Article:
January 19, 2018
Friday, February 17, 2017

The Fayt fight continues

The Mauricio Macri administration’s avowed intent to renovate the judiciary was the main headline of at least one leading newspaper last Monday but such plans do not seem to be reflected in the government’s extremely passive attitude towards Supreme Court Chief Justice Elena Highton de Nolasco’s bid to override the 75-year age limit in force as from 1994. That bid can be debated in both directions but the same cannot be said of Federal Administrative Litigation Court judge Enrique Lavié Pico’s ruling adjudging that bid to be “reasonable” — and nor can the refusal to challenge this ruling now be considered as anything less than a contradiction with the government pledge to overhaul the judiciary. Not only was Lavié Pico ruling as an interested party when deciding whether judges can be removed — he was arrogating Supreme Court status in presuming to interpret the Constitution (his conclusion that the 1994 Constitution’s clause mandating the retirement of Supreme Court justices at the age of 75 was itself unconstitutional is distinctly bizarre).

Highton de Nolasco being obliged to retire at the statutory age when her late colleagues Enrique Petracchi and Carlos Fayt both continued well beyond might look at first sight like gender discrimination (and that argument has been advanced) but the issue is not quite so simple — unlike Highton de Nolasco, Petracchi and Fayt were both pre-1994 appointments who could argue that the new limits should not be made retroactive. Yet Lavié Pico claimed that these dates were irrelevant because the real issue was whether this limit on judicial terms clashed with the constitutional protection of judges — he might have a point although he is hardly the judge to make the decision himself. Highton de Nolasco thus has some points in her favour although on balance she should go when her time is up (as she herself seemed to accept until recently) — her colleague Eugenio Zaffaroni set a precedent by scrupulously adhering to this limit even though he would have had powerful political motives for defying it and who wants another Fayt hanging on until the age of 97?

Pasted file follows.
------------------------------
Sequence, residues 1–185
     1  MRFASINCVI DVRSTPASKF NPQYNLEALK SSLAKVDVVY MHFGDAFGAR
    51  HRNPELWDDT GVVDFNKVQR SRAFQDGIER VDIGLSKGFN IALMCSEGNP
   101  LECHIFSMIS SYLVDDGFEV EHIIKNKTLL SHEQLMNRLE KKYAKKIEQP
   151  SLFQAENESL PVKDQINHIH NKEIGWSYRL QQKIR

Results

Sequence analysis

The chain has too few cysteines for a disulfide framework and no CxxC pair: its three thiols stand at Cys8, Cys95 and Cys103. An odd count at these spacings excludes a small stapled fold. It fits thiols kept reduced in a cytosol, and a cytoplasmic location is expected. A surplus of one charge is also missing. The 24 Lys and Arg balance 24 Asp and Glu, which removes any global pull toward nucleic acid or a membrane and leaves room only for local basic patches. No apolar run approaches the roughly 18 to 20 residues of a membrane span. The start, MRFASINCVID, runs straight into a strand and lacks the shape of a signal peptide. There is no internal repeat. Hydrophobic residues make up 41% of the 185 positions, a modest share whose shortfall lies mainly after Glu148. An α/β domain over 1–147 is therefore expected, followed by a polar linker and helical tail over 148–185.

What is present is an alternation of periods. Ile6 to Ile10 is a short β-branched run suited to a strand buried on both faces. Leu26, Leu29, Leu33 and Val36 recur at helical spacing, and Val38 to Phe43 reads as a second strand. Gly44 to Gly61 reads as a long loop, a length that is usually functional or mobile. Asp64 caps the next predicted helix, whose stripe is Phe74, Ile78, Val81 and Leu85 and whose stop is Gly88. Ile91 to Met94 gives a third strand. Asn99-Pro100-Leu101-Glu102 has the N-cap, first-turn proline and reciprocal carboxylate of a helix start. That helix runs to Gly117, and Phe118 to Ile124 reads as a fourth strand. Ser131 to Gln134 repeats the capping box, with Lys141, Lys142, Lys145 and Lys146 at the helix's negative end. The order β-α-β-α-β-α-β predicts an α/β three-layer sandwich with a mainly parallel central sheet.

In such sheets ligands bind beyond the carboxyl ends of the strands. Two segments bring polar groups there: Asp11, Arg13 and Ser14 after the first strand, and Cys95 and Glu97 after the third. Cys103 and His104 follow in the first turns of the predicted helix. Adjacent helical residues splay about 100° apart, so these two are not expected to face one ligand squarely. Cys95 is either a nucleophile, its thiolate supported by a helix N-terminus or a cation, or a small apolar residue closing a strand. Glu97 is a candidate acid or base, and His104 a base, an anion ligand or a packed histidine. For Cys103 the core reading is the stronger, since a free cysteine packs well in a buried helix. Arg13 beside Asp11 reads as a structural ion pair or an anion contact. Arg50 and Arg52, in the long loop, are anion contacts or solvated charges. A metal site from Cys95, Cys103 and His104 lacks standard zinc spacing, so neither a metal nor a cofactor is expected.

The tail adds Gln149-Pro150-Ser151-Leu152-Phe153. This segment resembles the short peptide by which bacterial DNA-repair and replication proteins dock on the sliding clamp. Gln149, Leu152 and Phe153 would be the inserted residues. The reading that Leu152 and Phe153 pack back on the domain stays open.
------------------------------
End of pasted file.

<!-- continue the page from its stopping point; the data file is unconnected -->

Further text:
Yet above all the government should be more convinced by the legitimacy of its calls for renewing the judiciary — as things now stand, these plans seem to have far less to do with any genuine (and long overdue) reform of the judicial establishment and far more to do with the removal of such magistrates frustrating government aims as Eduardo Freiler in the appeals court or Federal Judge Daniel Rafecas.

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